Fast forward to me, writing my creative thesis for my MFA in writing. I wanted to write a short story to honor this short story from my childhood, but I wanted to credit the author. I searched online, and I found plenty stories about trains, but not the one I was looking for. Finally, I asked on Facebook, and I tagged three friends. One from elementary school, one from my church, and another one I met online because of a friend in common (her sister-in-law, my friend). Within minutes, my friend from elementary school replied: “Could it be La Torre de Cubos (The Block Tower), by Laura Devetach? The military junta banned her works for a long time because they were subversive.”
I immediately looked up Laura Devetach, and friends, let me tell you:
First of all, yes! The story is Mauricio y su Silbido (Mauricio’s Whistling). I savored the whole story. I read the whole little collection of short stories. I “understand” why the military banned her. Her work is for children, but like all the best children’s literature, it isn’t childish. Laura Devetach writes for children with such respect! She addresses social injustice, individual responsibility for one’s actions (as in Mauricio’s story), white privilege, gender equality, and a lot of other concepts I didn’t learn about until I was an adult. Although she’s been recognized around the world for her contribution to children’s literature, as a child, I never even knew the name of this author from my same province, Santa Fe.
After the first burst of euphoria for having found what I’d been searching for years, a feeling of mourning and then anger filled me. I missed so much during my childhood! The books that showed characters like me, who spoke my language, literally, who drank máte with their families, the kids who were alone all day while their moms were at work were robbed from me!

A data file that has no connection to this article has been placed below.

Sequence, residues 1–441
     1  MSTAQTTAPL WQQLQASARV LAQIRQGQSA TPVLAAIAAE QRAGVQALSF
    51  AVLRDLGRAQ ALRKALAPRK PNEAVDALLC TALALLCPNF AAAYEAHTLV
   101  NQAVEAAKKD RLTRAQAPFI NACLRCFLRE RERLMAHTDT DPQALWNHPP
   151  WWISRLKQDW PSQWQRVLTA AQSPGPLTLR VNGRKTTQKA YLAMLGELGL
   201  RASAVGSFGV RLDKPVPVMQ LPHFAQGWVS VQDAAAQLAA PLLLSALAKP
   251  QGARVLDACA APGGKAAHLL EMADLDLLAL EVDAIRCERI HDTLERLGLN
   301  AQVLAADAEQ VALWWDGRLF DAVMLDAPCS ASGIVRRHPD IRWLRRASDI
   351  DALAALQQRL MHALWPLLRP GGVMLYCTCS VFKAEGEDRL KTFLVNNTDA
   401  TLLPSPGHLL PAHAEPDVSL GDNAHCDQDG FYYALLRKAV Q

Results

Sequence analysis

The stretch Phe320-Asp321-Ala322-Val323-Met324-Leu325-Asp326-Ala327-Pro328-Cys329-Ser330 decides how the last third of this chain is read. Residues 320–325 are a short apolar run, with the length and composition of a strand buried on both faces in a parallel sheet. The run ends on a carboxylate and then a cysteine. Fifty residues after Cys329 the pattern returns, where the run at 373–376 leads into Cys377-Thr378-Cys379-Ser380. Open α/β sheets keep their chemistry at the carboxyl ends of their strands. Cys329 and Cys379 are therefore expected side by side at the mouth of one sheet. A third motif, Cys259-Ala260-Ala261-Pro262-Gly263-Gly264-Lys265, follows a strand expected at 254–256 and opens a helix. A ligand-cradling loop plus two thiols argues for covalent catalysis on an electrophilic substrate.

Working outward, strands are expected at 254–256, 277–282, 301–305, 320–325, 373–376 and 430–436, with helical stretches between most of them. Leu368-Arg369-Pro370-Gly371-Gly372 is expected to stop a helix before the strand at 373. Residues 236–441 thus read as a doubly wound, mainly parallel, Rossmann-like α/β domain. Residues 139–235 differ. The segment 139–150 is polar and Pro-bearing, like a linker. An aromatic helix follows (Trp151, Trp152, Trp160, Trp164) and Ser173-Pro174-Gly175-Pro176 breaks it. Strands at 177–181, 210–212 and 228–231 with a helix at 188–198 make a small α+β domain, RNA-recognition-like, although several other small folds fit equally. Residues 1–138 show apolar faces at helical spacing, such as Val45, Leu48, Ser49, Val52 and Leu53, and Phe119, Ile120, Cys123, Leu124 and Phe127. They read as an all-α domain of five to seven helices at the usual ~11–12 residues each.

I was born at the cusp of the military government, and by the time I started elementary school my country was under the governance of Ricardo Alfonsín, our democratically elected president. However, it took a long time for democracy to trickle down into education. I asked my friend, the genius one who knew exactly what story I was looking for, “Why do you think we never learned about Laura? Why didn’t she ever come visit our school? Why?” Her reply was, “Maybe because our teachers were so scared by the dark years of the dictatorship that they didn’t know we needed Laura’s words, or that even they were allowed to teach us about her and our other bright writers” (like Alma Maritano, more on her in another post too).
Now that I know here name, Thank you, Laura Devetach! I pledge to honor the legacy of this and the other great writers whose work for children resonates for the rest of the readers’ life. I pledge to write stories that will resonate with readers even when they don’t remember my name anymore or the details of a story, but that leave them feeling and looking for more.
Oh how I wish her work were translated in English! Maybe… maybe there’s a project for me there in the future.